Dave Mills has recently posted this article on EHLO to help admins understand some of the logic for why Exchange handles NDR's and large messages the way it does. It also shows good reasons why message size limits are so important. I know for me this is a change of perspective I have had over the last couple of years. I used to not believe in message size limits, but over the last 4 - 5 years have changed my mind and fully recommend them.
As Ewan mentioned a little while ago, there are some pretty extreme things going on in some our customer’s Exchange environments. One of the things that I could definitely relate to was the customer who sent a message that was 2.4GB that was successfully delivered. While Exchange is quite capable of transferring huge messages, using it to do so usually results in severe performance issues. In fact, one customer that I worked with was experiencing major problems due to a 6 GB message traveling through their Exchange server. To make things even more interesting, the 6 GB message that we found was actually a non-delivery report (NDR) that was generated to tell a user that the 6 GB message that they had sent was over the maximum message size allowed for the organization.
Once we had the server back up there were a number of questions to be answered…
Why did the Exchange Information Store accept the message in the first place if it exceeded the configured size limits?
The Exchange Information Store accepts the message since it can’t tell whether a message exceeds configured size limits until it receives the entire message.
Why can’t we just modify Exchange’s behavior to stop accepting data as soon as it knows that the message is too big?
Doing this would actually result in a bigger problem – Outlook would just try to send the data again and again, resulting in a never-ending stream of data being sent to the Exchange server. In addition to the obvious performance problems, this would result in a large amount of transaction log files being generated in a manner similar to the problem that Jeremy Kelly describes here.
Why did the Exchange Information Store pass it off to the categorizer?
Prior to Exchange 2003 SP1 and the Exchange 2000 Post-SP3 August 2004 hotfix roll-up the Information Store only performed size checks against per-user limits and not the global limit. This greatly exaggerated the performance impact of large messages being sent through the system since the check against the global limit was performed much later in the message submission process.
With current versions of Exchange the check is now performed by the Information Store immediately upon message submission. What this means is that Outlook clients in online mode will receive an immediate failure upon trying to send a message that is too large. If Outlook is in cached mode, offline mode, or configured to connect to an Exchange server and use a PST as its delivery location then an NDR will be generated by the Information Store; since the message goes no further the impact on server performance will be much less.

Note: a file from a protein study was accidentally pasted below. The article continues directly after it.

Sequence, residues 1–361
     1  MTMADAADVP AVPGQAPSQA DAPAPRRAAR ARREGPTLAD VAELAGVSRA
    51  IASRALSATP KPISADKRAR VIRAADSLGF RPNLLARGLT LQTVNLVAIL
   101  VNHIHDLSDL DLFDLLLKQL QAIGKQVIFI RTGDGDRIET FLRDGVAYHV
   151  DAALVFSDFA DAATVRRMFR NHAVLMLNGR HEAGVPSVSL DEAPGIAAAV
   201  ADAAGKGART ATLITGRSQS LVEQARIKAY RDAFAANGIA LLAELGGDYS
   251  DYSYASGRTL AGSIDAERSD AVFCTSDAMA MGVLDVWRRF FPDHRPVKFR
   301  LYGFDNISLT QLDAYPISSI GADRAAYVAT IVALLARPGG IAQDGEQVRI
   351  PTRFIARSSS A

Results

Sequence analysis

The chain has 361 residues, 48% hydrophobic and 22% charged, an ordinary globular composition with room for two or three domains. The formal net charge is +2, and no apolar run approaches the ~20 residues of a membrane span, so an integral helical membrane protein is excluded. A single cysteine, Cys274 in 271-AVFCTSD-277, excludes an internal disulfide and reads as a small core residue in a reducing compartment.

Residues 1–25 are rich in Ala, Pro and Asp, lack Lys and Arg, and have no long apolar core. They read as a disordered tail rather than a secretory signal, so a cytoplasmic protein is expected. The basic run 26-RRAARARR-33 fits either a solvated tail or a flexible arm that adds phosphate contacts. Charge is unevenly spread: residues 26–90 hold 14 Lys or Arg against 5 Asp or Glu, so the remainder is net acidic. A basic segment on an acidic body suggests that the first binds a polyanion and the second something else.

Won’t that large NDR for non-online mode clients cause performance issues on the client, server, and network?
Yes, it will. So, like all good software companies, we listened to our customers and have done a significant amount of work in both Outlook and Exchange to address this problem. Here are the changes we made….
The first change we needed to make was to provide Outlook with a way to ask the Exchange server what limits have been configured. We added this functionality to Exchange and you can get it today by installing any of the following:
The second part of the solution was for Outlook to use this newly exposed functionality in Exchange to determine whether a message is over configured size limits before sending it. This work has also been completed, and you can get it today by installing Office 2003 SP2.
Once your Exchange servers and your Outlook clients have been updated you will start seeing the new behavior. Specifically, if a message is sent that is over configured size limits, either per-mailbox or global, an error will be displayed as when Outlook goes to send the message to the server; no additional data will be sent across the wire and no load will be placed on the Exchange server.
As an added bonus, Outlook will also check to make sure that the mailbox is not over its quota before sending the message. This keeps data from being sent to the server if Outlook knows that the message would be rejected with an NDR as soon as it is received by the server. In addition, if your mailbox is over its quota then you will be presented with mailbox cleanup dialog to help you get it back under quota.
Where can I find more information?
Read KB 894795 for detailed information on the exact messages that users may see with this new functionality, a full description of the exact order of checks performed, and a description of how global vs. per-user limits are evaluated.